My thought processes then moved on to my own soul. How much decaying material have I buried during my life? How much of my past is sitting there below the surface undermining everything I try to do to live a good life?

Short of making a public confession, suffice it to say that I’ve done my share of sinful things. The one thing I will publicly admit to is the mistreatment of my three sons. Rather than make that sort of statement and move on, let me present an explanation.

My first job out of college was as a first grade teacher working with emotionally disturbed youngsters in a mental institution. My class consisted of six children aged eight through fifteen. The typical first grader is six years old. These children were anything but typical.

When I studied the case histories of my children I discovered one common denominator… for whatever reason, their parents never disciplined them. From that moment on I determined that my children would not end up like the ones in the institution. My children would know and understand discipline. They would behave or else.

Well, my sons were well disciplined. They never got into trouble in school or out. They got good grades and became fine young men. So, that part of my plan worked extremely well.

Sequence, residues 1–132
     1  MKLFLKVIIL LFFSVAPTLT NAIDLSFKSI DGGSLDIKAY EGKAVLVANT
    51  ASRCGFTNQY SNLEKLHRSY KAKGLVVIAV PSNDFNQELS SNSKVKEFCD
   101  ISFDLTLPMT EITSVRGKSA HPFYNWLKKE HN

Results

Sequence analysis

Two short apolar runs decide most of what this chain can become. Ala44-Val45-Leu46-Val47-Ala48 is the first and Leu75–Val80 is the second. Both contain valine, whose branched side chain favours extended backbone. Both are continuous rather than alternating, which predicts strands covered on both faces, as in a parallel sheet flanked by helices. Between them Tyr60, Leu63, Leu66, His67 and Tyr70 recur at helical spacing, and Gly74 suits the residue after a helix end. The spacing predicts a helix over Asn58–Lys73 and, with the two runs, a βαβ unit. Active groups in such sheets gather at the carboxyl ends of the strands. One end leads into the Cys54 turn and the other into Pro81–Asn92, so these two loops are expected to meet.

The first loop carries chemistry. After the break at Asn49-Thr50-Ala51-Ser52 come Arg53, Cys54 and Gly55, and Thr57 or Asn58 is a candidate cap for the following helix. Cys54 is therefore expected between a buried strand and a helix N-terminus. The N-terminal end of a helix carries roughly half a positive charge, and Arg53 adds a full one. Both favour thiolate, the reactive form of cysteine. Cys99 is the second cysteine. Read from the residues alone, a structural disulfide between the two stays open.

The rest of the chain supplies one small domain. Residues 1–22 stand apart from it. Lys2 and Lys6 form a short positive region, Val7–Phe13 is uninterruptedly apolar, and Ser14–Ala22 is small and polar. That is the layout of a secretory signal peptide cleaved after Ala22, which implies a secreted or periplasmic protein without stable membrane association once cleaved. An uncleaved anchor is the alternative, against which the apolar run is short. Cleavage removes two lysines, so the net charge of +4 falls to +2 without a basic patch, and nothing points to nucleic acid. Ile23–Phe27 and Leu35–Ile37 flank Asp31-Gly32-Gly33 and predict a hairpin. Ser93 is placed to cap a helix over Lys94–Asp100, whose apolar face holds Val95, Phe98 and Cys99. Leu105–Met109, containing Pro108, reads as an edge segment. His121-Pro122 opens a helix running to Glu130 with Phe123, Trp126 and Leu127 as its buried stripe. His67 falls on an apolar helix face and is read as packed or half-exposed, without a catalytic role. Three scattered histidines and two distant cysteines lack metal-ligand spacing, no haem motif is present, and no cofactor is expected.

Unfortunately, until the fall of 1984 they never really felt a father’s love. By then, my sons were seventeen, fifteen, and eleven. I changed dramatically as a result of a three-day Christian Renewal weekend, but the years of running roughshod over the boys was not easily forgotten. I’ve apologized to each of them repeatedly and I do so again – publicly.

It’s a shame we don’t get wisdom until it’s too late to avoid our mistakes. There are many other things I’ve said and done over the years that cannot be erased. In some cases I was able to go back to the person I offended and seek forgiveness. In other situations, I’ve totally lost track of the people involved. And I’m sure there are still more occasions where I’ve said or done something and didn’t even know it caused someone pain.

And all of that gets thrown into the pit beneath my soul to fester and molder and eventually create a huge sinkhole of rotten experiences.

Pretty depressing, isn’t it?

That’s when it’s nice to remember that God loves us unconditionally. Martin Luther began the Reformation when he came to realize that we are saved by the grace of God. We don’t need to do anything to earn it. God offers it to us with no strings attached. All we have to do is accept it.

So, that rotting sinkhole beneath my soul can do me no harm because my foundation is built on faith. But, just to be on the safe side, I’m trying not to add anything to the garbage that is already there.

Most likely Pastor Tom will eventually read this article. Hopefully I got the gist of his sermon even if my mind wandered in the middle of it. I’m sure he’ll set me straight if I got the message confused.